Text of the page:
Blog post

The Green Care Code – Good for nature, good for you

By Professor Miles Richardson - 16 September 2021

From 18-26 September, communities across the country will join together for Great Big Green Week, the largest national event for climate and nature in the UK with thousands of events designed to celebrate how people are taking action to tackle climate change and protect green spaces, and encourage others to get involved too.

As part of Great Big Green Week the University of Derby is launching a Green Care Code with Go Jauntly and the Mental Health Foundation. Simply, Stop – Look – Listen and Enjoy Nature! Here, Miles Richardson, Professor of Human Factors and Nature Connectedness at Derby, explains why  this simple code is all it takes to help improve your own and nature’s wellbeing.

Green Care Code - one man in nature, one surrounded by technology and distractions

Over recent years, research by the University’s Nature Connectedness Research Group has shown again and again that simple actions in nature matter. Just taking a moment to notice nature helps build a closer relationship with it. And research shows that this close relationship provides a boost for mental health and pro-nature actions

The Great Big Green Week celebrates action for nature and an essential first step to action is finding a friend in nature. Working with the National Trust, we ran a national YouGov survey to explore what best explained pro-nature conservation behaviours. Key factors were people’s connection with nature and actively tuning into nature, which we know increases nature connection. Engaging in simple nature activities, such as taking a moment to listen to bird song, were the largest contributors to pro-nature conservation behaviours. More widely, other researchers have found a robust and causal link between nature connection and pro-environmental actions, that is, those related to cutting carbon use, rather than creating homes for nature.

If the benefits to nature aren’t enough, the Green Care Code is good for our own mental wellbeing too. When we prompted people to ‘stop, look and listen’ in order to notice the good things in nature for a week, they experienced clinically significant improvements in mental health – and this was in an urban environment. People wrote about the breeze in the trees, beauty of flowers, active wildlife in the park, changing seasons and birds singing. This doesn’t need a special trip, it can be at the bus-stop or on a trip outside to your wheelie bin, nature finds a home in the most unlikely places. More recently we’ve repeated this work and found significant improvements in both wellbeing and pro-nature actions for those taking part. It’s clear – simple moments with nature matter for human and nature’s wellbeing.

Sadly, people don’t tend to notice nature. There are many demands for our attention and nature features less and less in our lives. In wider analysis with the National Trust we found around 80% of people report that they rarely or never watched wildlife, smelled wildflowers or drew/photographed nature. 62% of people rarely or never listened to bird song or took a moment to notice butterflies or bees. It comes as no surprise then that although 80% of people expressed concern about the state of nature, far fewer actively help its recovery – for example only 29% said they’d created a home for wildlife in the past year. We found that those people with a high level of nature connectedness did much more than those with a weaker relationship.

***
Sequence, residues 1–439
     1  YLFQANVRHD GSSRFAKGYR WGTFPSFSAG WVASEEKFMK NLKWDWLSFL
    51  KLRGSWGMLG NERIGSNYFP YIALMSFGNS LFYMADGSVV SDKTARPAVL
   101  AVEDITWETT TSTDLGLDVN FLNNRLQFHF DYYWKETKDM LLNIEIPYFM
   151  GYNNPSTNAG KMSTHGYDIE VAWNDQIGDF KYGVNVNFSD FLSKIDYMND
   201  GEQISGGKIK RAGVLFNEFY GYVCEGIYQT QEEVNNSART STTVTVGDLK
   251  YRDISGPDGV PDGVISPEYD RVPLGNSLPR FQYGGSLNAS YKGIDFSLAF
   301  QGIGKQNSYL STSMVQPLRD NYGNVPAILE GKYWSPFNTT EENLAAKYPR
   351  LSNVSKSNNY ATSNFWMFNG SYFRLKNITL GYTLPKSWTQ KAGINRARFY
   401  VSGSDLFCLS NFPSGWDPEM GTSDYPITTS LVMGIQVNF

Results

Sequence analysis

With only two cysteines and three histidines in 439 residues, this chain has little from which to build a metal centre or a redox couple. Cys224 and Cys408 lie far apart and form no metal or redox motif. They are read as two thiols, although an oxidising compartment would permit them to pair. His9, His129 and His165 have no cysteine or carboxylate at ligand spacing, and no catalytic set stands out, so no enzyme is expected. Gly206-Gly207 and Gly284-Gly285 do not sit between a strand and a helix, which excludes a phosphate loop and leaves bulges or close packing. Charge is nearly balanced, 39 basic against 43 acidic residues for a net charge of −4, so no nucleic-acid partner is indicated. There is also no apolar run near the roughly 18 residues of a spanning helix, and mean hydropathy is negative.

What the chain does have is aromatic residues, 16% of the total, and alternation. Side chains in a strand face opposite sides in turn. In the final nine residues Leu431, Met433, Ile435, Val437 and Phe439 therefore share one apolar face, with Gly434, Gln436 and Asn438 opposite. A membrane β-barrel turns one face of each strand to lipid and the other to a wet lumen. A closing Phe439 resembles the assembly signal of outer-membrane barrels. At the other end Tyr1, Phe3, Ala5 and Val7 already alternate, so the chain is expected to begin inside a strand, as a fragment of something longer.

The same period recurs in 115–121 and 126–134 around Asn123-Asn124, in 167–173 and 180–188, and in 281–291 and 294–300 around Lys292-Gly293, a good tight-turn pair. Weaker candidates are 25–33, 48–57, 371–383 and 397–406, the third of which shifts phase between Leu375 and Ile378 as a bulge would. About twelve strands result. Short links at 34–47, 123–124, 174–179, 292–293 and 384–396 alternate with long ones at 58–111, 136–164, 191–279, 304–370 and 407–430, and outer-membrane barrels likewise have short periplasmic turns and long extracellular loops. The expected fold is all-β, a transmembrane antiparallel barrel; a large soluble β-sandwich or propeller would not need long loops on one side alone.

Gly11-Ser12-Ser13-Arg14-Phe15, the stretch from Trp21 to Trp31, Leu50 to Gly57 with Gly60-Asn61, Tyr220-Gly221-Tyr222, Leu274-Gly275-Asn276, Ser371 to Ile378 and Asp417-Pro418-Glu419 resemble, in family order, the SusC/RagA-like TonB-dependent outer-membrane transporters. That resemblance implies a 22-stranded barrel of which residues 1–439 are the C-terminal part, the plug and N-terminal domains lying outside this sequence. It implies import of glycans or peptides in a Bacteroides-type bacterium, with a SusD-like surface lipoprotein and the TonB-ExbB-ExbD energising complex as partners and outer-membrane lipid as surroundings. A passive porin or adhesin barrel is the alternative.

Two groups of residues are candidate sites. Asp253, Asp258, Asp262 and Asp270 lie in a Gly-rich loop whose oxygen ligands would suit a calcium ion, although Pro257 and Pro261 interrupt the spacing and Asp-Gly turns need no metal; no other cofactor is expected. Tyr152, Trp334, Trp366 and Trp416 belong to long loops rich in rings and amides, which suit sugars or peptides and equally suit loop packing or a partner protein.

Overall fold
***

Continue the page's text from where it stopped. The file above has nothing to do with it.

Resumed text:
The 2020 lockdown revealed this hidden need for a Green Care Code. Through looking at Natural England People and Nature Survey data we found that people reported noticing nature more, and that explained higher levels of wellbeing and pro-nature actions. Sadly, although people found a friend in nature during the lockdown of Spring 2020, the levels of noticing nature have fallen since.

The climate and wildlife emergencies show that our relationship with nature is failing. Fixing that relationship requires transformational change throughout society. However, part of that change is more people celebrating the benefits of a close relationship with nature. That needs a reminder to pause, notice and enjoy nature – a Green Care Code. A code that reminds us to care for nature and care for ourselves, for a future with more wildlife and more celebration of it because there’s no wellbeing without nature’s wellbeing.

So, remember your Green Care Code every day, wherever you are, and Stop – Look – Listen and Enjoy nature.

Find out more about the Green Care Code here.

About the author

Professor Miles Richardson smiling whilst wearing goggles on his head

Professor Miles Richardson
Professor of Human Factors and Nature Connectedness

Professor Miles Richardson leads the Nature Connectedness Research Group.

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